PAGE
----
Weather forecasts are rarely reliable more than a week in advance, so don’t base your packing on them. If you’re going in the summer, it will be hot. Don’t exclusively pack summer clothes but be conscious of how much you want to carry with you while you’re travelling.

6. Don’t forget the real world

If you’re planning on going travelling after you’ve finished your A-levels and you want to continue on to higher education afterwards, then you’re going to be out of the country during a very important period. If there’s anything still left to be done regarding university or apprenticeships when you leave, then make sure you’re checking your emails, or have someone back in the UK checking them for you. You’d hate to come back from your trip to find you’ve missed a deadline which could affect your plans for the future.

It might be a good idea to contact your university or employer to let them know that you may be unavailable for the duration of your trip and to ask them for any key dates or information that will be useful.

7. Socialise

If you find yourself in a sticky situation, you may have to rely on your charisma to help you out. If you’re stuck in a small French town in the middle of the night, it’s worth talking to people you meet there in case they can help you out. This is exactly the situation my friends and I found ourselves in, and we ended up with a bed for the night, just because we said hello to someone. 

Interrailing has restored my faith in humanity and the kindness of strangers but please note we were a group of three tall lads and not everyone might feel confident doing this.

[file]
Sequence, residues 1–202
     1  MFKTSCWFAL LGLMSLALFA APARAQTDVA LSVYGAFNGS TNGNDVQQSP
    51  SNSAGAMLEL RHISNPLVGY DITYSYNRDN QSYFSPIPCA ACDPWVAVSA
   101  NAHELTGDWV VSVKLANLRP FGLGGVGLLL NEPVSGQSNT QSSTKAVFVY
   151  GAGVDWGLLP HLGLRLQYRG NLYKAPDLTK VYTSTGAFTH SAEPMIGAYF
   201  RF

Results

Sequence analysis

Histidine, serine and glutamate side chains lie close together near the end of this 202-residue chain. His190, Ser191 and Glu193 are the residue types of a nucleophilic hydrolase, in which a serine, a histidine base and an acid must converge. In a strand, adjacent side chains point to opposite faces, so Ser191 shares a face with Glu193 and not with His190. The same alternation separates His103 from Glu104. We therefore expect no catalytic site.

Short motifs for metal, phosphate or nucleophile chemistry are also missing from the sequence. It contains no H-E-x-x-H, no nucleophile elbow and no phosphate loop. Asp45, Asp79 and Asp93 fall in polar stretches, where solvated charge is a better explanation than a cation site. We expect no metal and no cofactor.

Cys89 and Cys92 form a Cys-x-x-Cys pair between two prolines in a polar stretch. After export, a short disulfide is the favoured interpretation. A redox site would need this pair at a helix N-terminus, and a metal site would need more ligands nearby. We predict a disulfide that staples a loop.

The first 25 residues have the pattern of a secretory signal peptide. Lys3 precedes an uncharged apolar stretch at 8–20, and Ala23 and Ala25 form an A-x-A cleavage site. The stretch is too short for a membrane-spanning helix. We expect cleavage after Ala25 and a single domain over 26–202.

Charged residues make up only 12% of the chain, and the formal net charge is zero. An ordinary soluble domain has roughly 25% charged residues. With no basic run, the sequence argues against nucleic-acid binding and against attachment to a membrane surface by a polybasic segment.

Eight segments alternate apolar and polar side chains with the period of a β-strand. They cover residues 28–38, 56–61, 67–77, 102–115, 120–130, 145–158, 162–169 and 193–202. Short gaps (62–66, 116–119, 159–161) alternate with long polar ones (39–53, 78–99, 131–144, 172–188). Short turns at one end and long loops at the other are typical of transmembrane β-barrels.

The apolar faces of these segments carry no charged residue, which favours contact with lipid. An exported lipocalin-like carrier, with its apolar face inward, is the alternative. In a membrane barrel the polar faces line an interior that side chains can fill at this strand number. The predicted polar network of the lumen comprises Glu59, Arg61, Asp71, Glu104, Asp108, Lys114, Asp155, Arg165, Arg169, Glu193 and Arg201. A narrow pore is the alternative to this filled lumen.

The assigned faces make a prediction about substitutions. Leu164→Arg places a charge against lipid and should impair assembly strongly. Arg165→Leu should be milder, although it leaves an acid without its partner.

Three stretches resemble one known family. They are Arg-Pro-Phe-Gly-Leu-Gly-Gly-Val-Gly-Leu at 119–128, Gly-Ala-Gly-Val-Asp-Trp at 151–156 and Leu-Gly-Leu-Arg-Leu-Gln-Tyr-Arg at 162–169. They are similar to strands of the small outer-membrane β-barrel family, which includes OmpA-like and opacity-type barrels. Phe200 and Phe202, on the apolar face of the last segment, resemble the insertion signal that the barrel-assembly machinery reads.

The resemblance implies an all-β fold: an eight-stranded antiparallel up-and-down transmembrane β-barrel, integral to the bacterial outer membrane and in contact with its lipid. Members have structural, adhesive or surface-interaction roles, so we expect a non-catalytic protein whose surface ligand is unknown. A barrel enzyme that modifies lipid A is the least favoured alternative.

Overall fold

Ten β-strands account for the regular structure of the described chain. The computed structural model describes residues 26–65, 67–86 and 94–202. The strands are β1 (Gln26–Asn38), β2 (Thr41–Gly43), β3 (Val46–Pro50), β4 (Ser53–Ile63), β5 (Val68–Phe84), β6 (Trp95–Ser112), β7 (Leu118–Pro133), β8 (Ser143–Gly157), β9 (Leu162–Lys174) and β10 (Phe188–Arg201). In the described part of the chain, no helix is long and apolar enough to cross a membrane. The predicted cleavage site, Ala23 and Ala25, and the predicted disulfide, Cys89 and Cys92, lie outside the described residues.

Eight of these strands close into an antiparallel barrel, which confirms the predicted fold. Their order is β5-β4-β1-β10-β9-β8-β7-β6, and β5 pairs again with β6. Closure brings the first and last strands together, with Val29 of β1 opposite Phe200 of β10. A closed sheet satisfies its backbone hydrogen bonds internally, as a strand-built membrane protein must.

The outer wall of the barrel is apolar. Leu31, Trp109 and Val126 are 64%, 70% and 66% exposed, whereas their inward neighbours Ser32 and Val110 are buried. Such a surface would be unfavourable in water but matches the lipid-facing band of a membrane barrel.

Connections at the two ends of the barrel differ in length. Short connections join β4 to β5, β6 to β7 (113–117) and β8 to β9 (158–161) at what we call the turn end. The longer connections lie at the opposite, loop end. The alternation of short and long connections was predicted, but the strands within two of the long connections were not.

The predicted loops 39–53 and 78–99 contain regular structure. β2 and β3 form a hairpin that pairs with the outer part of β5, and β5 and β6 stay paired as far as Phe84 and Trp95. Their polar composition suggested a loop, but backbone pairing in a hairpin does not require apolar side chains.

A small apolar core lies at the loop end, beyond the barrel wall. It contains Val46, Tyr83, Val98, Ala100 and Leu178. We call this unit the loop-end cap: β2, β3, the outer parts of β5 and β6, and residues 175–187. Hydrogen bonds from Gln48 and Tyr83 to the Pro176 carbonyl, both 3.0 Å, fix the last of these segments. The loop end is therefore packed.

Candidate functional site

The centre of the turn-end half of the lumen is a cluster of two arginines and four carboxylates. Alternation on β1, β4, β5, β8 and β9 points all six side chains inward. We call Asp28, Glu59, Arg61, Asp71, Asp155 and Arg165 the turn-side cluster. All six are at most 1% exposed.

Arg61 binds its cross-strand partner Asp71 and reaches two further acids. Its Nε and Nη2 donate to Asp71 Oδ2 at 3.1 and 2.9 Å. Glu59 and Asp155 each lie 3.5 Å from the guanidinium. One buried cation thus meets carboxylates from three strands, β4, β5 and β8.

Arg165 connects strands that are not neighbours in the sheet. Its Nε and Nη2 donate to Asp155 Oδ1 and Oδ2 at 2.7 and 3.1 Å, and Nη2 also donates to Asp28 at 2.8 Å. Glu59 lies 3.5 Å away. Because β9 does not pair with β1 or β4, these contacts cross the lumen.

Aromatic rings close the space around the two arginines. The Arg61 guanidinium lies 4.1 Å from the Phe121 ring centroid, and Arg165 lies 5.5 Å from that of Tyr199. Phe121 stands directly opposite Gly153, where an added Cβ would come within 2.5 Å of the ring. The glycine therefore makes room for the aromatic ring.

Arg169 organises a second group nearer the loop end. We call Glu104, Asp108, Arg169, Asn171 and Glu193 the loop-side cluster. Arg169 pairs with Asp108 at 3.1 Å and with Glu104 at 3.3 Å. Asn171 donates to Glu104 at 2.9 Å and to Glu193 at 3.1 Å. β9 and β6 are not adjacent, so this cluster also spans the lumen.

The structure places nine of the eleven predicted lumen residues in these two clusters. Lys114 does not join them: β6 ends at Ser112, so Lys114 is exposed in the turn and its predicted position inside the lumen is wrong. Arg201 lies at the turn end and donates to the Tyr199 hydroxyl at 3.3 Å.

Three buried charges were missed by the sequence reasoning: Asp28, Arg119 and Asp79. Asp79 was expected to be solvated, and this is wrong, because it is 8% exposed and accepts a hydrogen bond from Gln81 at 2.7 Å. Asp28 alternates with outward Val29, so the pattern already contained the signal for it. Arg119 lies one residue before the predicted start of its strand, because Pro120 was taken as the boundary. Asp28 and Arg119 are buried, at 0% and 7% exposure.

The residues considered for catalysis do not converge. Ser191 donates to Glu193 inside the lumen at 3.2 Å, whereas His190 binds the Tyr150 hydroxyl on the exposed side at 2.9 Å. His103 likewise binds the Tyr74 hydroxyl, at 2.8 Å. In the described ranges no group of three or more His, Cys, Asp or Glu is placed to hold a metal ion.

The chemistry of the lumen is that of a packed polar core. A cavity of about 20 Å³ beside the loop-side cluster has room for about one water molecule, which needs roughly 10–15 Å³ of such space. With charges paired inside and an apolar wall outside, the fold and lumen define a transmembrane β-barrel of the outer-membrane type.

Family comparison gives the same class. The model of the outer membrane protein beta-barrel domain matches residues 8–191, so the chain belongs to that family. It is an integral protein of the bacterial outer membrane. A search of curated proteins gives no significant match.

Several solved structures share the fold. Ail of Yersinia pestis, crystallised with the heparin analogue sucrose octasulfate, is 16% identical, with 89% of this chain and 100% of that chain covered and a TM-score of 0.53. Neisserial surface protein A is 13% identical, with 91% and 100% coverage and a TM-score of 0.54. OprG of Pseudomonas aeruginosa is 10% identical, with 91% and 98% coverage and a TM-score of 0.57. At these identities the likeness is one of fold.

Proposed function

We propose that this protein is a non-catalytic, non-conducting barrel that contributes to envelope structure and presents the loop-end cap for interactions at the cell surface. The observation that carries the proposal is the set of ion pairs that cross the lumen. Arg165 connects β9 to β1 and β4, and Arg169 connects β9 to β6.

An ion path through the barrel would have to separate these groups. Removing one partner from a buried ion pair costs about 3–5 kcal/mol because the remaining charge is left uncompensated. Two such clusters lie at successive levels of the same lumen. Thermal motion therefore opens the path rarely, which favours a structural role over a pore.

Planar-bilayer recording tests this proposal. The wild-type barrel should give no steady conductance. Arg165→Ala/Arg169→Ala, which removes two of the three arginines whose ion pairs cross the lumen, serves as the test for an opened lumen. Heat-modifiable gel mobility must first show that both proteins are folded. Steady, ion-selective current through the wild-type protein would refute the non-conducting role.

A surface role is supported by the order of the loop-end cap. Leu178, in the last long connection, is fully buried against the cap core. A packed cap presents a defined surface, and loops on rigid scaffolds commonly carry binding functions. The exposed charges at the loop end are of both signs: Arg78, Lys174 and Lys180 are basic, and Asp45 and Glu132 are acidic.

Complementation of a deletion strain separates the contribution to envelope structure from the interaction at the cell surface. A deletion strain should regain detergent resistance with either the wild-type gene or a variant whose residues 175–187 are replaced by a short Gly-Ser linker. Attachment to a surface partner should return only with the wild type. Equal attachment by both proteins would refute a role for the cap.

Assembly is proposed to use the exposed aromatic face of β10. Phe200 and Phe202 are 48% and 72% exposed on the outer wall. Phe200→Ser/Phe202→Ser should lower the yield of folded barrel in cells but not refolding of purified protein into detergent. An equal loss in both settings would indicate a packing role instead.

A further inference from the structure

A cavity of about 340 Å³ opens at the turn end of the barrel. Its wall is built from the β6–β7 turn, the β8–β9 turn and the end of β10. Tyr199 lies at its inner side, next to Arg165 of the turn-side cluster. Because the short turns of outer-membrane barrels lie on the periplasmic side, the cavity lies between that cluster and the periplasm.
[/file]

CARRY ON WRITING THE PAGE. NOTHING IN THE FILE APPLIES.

Even if you don’t need help, your trip will be so much more enjoyable if you make friends along the way. You’ll be surprised at the charity and friendliness of complete strangers if you give them a chance.

 

Learn a few key phrases in the language of the countries you’re going to. This will help you massively at restaurants and shops and will prevent you from being viewed as a typical English tourist.

8. Stay vigilant

Something we learnt the hard way is that amongst the nice guys there will always be idiots and crime happens in Europe too. Pickpocketing is always a risk, especially in larger cities, and if you fall asleep on a train, make sure all of your belongings are secure and/or hidden. If you’re travelling in a group, it’s a good idea to sleep in shifts so you’ve always got someone watching your valuables. Travel insurance is also a good idea. I went for Alpha Insurance, who covered medical bills and lost valuables for £25. Something to bear in mind is that if you do lose something and want to claim it on insurance, you have to file a police report within 24 hours. We struggled to do this as obviously we were moving around a lot. So travel insurance is definitely a good idea but is not 100% effective.